Every Pet Deserves A Good Home…

Adopting a four-legged veteran

Benny was declared “excess” by the military and scheduled to be euthanized by January, according to his military medical records.

Today, Benny — a spry German shepherd — is anything but excess to Debbie Kandoll, who found him during a determined search to adopt

Photo – GREG SOUSA / GOLDSBORO NEWS-ARGUS Benny, a former military working dog, was adopted after retirement.

a retired military working dog.

Even at the advanced dog age of 10, with degenerative bone disease, Benny has become an integral part of the Kandoll family since he was adopted from Langley Air Force Base, Va., on Jan. 4.

Kandoll, the wife of an Air Force Reserve officer currently on active duty, wants to get the word out to other military families and civilians that retired dogs are available for adoption at military working dog facilities across the country, as are some younger dogs who may have washed out of the program.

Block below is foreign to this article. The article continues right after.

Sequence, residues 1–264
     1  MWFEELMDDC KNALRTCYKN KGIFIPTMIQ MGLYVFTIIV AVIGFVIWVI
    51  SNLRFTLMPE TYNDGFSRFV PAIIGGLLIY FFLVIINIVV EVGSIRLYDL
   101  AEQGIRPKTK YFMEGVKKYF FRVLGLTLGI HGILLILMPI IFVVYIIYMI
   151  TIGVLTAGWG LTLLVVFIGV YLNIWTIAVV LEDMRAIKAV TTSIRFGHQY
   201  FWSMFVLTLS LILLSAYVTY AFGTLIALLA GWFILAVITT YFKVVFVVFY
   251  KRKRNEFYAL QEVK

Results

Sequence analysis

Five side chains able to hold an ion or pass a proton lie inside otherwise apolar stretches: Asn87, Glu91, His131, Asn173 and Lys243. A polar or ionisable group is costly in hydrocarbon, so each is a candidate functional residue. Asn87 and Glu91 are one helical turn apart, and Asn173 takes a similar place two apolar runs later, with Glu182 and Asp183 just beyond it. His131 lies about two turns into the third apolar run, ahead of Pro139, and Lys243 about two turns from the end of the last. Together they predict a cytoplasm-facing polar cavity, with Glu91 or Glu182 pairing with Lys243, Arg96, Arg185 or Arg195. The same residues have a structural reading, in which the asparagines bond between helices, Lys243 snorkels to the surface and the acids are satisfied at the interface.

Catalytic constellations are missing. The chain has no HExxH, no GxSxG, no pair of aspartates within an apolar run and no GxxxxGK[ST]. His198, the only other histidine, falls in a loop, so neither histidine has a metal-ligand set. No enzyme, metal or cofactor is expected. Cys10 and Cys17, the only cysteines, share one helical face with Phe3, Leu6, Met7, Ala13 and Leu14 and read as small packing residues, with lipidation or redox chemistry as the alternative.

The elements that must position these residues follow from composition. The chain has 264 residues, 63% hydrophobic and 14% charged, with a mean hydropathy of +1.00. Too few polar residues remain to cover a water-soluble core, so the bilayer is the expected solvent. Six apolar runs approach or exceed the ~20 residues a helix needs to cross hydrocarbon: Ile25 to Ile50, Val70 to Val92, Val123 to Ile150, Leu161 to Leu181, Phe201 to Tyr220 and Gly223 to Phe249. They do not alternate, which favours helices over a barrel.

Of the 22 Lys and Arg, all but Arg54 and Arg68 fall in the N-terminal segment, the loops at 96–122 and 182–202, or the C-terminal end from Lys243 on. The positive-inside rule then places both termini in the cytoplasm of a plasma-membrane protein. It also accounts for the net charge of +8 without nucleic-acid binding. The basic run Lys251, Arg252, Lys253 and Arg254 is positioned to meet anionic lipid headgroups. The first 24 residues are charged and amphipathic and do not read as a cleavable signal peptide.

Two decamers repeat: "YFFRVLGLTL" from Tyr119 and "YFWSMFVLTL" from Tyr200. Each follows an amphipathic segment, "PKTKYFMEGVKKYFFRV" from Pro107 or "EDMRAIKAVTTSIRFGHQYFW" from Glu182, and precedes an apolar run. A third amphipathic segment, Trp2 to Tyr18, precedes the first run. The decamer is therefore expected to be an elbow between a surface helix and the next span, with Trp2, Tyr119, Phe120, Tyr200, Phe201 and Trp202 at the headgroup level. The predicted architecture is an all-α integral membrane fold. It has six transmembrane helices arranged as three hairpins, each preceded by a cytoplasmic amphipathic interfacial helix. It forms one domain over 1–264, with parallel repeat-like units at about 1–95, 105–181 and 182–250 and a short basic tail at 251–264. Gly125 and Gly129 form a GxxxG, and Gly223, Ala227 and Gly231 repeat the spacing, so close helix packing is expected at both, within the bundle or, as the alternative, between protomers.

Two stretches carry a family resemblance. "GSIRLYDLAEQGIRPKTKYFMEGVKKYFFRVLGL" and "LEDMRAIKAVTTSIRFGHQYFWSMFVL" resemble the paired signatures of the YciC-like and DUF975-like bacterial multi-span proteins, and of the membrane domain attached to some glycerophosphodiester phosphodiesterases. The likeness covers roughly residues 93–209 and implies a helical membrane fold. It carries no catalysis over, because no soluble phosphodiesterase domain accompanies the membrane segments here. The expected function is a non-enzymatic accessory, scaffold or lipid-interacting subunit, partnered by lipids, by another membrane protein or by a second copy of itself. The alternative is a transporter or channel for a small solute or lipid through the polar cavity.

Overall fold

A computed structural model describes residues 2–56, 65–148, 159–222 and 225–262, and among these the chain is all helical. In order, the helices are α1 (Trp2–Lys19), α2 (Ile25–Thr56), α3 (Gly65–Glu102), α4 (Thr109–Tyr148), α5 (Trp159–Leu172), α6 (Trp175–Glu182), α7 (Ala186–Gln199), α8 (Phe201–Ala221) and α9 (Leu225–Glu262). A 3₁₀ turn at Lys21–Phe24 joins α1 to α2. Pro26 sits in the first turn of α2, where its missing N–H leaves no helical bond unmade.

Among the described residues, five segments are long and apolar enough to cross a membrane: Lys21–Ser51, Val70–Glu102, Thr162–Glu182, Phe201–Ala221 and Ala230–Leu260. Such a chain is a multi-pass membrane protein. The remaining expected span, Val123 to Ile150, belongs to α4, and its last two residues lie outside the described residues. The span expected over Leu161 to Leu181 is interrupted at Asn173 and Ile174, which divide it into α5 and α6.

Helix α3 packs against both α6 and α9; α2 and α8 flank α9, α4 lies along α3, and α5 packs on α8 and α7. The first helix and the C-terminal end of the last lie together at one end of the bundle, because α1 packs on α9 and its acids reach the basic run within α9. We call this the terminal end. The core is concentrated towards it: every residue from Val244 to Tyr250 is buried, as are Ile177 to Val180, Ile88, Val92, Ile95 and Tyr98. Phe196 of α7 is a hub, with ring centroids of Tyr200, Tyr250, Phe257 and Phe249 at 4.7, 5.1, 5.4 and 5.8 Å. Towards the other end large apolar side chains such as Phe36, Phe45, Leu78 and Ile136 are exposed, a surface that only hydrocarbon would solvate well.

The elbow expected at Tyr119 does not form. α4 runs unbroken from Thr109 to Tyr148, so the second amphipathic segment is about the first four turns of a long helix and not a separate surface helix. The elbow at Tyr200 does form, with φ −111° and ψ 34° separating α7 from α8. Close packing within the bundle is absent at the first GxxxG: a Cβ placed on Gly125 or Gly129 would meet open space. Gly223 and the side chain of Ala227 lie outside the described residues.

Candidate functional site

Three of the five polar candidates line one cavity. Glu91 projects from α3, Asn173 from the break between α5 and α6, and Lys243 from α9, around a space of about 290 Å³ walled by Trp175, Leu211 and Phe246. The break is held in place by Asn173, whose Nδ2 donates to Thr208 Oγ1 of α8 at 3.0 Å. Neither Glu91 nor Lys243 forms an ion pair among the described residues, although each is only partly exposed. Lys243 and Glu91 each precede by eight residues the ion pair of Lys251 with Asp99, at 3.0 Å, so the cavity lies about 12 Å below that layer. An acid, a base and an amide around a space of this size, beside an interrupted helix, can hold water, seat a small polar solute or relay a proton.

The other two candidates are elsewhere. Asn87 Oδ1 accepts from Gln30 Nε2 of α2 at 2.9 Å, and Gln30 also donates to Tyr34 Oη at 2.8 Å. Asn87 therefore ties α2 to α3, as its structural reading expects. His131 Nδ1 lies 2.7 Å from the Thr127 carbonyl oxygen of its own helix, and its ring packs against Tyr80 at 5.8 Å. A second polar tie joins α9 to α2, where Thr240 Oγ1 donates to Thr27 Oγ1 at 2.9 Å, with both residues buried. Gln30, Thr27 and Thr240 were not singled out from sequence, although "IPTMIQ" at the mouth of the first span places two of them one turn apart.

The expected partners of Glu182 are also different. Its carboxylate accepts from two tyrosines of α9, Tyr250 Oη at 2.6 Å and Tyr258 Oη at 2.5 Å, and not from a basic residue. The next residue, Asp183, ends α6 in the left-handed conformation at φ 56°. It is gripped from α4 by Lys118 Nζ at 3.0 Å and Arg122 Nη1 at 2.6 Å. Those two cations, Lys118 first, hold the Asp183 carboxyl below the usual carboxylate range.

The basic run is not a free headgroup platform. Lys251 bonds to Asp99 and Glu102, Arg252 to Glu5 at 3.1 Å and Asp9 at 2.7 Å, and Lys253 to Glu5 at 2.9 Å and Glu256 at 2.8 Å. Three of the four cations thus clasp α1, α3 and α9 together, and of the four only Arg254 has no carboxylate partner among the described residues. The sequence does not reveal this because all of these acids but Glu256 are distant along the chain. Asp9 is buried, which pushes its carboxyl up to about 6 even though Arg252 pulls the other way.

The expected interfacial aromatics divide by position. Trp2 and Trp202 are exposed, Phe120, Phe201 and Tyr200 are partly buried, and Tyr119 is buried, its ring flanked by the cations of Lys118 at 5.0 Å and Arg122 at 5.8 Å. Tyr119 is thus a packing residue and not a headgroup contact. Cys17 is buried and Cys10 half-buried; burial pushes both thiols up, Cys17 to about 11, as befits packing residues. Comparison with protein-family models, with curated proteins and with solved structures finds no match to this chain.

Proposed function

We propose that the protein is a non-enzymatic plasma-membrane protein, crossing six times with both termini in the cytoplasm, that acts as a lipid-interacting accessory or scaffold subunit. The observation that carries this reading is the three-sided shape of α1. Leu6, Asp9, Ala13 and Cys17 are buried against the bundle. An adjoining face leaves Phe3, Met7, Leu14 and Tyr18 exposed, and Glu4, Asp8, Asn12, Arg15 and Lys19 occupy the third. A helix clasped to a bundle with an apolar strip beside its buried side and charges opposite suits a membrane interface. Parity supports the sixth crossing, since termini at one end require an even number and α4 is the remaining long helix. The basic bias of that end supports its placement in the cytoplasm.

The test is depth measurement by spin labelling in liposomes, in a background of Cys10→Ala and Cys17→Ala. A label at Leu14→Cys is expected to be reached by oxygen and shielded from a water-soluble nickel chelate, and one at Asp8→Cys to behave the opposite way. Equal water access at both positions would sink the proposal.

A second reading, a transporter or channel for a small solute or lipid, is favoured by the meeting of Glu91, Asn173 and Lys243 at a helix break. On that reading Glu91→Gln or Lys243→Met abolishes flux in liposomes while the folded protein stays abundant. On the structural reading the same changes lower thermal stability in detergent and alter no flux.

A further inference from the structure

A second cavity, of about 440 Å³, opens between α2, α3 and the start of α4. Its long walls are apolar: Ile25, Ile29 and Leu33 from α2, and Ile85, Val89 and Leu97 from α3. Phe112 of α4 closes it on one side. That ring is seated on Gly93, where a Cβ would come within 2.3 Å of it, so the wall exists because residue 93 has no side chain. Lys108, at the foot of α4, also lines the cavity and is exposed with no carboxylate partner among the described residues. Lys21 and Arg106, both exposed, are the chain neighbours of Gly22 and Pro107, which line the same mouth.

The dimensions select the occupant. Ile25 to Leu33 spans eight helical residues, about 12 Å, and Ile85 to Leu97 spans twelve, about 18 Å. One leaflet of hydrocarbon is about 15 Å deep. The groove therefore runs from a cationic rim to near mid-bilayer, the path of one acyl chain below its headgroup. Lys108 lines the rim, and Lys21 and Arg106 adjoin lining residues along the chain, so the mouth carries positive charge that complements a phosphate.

She has launched a Web site that includes phone numbers for 125 military working dog facilities.

The idea of supporting the troops, said Kandoll, who lives near Goldsboro, N.C., “should apply to all veterans, not just the human ones.”

Kandoll said she thought at first that she could adopt retired dogs only through the Defense Military Working Dog School at Lackland Air Force Base, Texas.

“People should check with regional facilities to see what is available,” she said.

As for Benny, he’s thriving and his mobility has improved, she said — partly because he now gets to sleep on comfy pillows instead of concrete.

Although Benny is no longer on military patrols and sniffing for drugs, he is anything but retired. He visits hospitals, including the Department of Veterans Affairs hospital in Durham, N.C., as a certified therapy dog.

Kandoll and Benny make appearances at local events to raise awareness and encourage more civilians to adopt retired military working dogs.

Last year, 360 retired military working dogs were adopted or transferred to law enforcement agencies, according to officials at the Defense Military Working Dog School, with the 341st Training Squadron at Lackland.

Of those, 103 were transferred to law enforcement agencies, 139 were adopted at Lackland and the remaining dogs were adopted elsewhere, many likely by former military working dog handlers.

Under a law passed in 2000, dogs declared “excess” by the Defense Department can be adopted by law-enforcement agencies, prior military handlers and the general public.